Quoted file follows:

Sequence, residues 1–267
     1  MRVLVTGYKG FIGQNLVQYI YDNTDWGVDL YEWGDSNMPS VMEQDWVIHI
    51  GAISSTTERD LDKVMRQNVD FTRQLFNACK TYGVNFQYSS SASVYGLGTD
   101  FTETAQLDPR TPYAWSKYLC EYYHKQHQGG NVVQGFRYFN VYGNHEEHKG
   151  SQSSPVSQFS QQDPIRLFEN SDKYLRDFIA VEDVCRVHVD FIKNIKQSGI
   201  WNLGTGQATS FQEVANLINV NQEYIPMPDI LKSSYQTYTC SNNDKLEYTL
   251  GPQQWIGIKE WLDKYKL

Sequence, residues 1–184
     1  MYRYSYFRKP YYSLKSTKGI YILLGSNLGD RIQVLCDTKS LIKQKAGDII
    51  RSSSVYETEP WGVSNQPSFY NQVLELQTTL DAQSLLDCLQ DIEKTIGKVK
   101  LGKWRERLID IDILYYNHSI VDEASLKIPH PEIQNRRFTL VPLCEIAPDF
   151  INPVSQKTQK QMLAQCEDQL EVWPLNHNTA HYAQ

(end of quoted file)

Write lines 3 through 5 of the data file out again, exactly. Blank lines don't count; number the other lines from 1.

    51  GAISSTTERD LDKVMRQNVD FTRQLFNACK TYGVNFQYSS SASVYGLGTD
   101  FTETAQLDPR TPYAWSKYLC EYYHKQHQGG NVVQGFRYFN VYGNHEEHKG
   151  SQSSPVSQFS QQDPIRLFEN SDKYLRDFIA VEDVCRVHVD FIKNIKQSGI